Murphy invited speaker on robotics at NASEC 2014

Image of Dr. Murphy and Brennen TaylorDr. Robin R. Murphy and six Texas A&M University undergraduate engineering students participated in the 2014 U.S. Naval Academy Science and Engineering Conference held November 2-4 in Annapolis, Maryland. The conference brought together policy makers and science advisers with university faculty and students to discuss science, technology, engineering and mathematics (STEM) issues and challenges. This year's student-run conference was titled "Robotics: New Solutions for a Changing World."

The first invited speaker in the Subject Matter Expert Presentations category was Murphy who presented "Robotic Cooperation, Remote Sensing, and Telepresence." Murphy is the Raytheon Professor in the Department of Computer Science and Engineering at Texas A&M. She directs the Center for Robot-Assisted Search and Rescue at the university. Her research interests include artificial intelligence, human-robot interaction, and heterogeneous teams of robots.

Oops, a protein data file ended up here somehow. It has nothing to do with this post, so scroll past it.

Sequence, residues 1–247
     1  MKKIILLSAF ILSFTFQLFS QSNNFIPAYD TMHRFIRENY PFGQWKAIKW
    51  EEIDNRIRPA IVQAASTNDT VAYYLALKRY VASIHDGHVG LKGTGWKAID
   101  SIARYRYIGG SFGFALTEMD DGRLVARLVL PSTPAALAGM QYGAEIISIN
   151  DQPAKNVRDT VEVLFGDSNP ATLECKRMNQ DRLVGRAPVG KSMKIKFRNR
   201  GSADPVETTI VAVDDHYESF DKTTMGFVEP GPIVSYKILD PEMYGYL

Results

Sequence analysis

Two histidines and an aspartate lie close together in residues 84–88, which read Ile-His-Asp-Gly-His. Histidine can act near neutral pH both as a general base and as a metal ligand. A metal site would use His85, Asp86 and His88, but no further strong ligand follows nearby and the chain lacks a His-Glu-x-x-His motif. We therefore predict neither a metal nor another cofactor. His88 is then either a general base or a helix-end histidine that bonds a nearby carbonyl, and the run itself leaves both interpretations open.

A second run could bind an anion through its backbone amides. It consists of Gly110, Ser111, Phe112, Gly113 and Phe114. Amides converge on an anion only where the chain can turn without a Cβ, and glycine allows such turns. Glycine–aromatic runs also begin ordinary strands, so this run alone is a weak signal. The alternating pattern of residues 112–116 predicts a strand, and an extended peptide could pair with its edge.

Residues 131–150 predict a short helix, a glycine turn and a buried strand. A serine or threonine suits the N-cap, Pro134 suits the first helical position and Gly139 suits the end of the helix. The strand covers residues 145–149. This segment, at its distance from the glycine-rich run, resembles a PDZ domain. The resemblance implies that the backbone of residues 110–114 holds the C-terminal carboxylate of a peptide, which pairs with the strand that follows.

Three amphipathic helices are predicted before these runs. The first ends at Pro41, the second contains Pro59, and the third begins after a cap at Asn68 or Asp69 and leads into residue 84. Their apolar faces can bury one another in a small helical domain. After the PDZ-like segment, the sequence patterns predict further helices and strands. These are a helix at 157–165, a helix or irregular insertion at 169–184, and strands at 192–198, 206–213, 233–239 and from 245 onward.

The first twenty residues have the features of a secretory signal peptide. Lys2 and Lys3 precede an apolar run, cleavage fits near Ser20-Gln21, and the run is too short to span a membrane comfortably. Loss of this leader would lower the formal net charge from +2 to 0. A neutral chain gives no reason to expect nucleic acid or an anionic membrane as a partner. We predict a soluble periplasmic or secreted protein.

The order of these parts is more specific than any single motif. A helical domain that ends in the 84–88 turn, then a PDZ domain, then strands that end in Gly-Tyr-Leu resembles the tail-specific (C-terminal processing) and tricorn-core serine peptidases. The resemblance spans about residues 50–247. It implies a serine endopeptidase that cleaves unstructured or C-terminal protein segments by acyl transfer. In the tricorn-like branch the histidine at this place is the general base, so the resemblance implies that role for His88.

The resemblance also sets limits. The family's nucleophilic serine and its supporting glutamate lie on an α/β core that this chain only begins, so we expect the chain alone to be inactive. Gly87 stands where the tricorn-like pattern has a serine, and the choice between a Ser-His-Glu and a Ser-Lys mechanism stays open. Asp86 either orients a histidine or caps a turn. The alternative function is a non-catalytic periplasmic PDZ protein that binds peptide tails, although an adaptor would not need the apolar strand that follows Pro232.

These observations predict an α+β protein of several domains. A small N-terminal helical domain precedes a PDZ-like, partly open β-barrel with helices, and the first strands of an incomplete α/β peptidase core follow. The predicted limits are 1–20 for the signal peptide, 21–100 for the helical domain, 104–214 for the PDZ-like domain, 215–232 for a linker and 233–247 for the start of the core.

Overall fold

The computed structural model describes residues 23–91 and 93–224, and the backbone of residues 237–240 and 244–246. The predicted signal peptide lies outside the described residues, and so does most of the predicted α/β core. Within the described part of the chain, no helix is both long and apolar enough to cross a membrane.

Murphy's talk gave an overview of intelligent robots illustrating lessons learned from inserting robots into 17 disasters. She divided them into two categories, robots we see and act through in real-time or ones we delegate tasks to. She emphasized that the goal for both categories is to create autonomous capabilities that make the robot useful for humans.

Brennen R. Taylor, one of the six undergraduate students selected to attend the NASEC conference is a sophomore in computer science and a member of the Parasol Lab's motion planning research group. His research interests include motion planning, computer graphics and interface design.

"Attending the conference was a great opportunity for me to learn about modern robotics research, especially where the navy hopes it will head," said Taylor. "I heard talks that ranged from professors speaking about their research, to the head of naval research, to even the vice president of Lockheed Martin. These talks all reinforced that the field of robotics is headed to a field with more autonomous systems. As I do research in motion planning, I feel like this direction will open many doors for the research area. All in all, it was a great experience and I am thankful I was able to go."

Of the five remaining engineering students, one is from aerospace engineering, two are from mechanical engineering and two are from engineering technology and industrial distribution.

"This was a wonderful opportunity for our students to be engaged in the dialogue about STEM," said Dr. Valerie E. Taylor, senior associate dean of academic affairs in the Dwight Look College of Engineering and the Regents Professor and Royce E. Wisenbaker Professor in the computer science and engineering department at Texas A&M.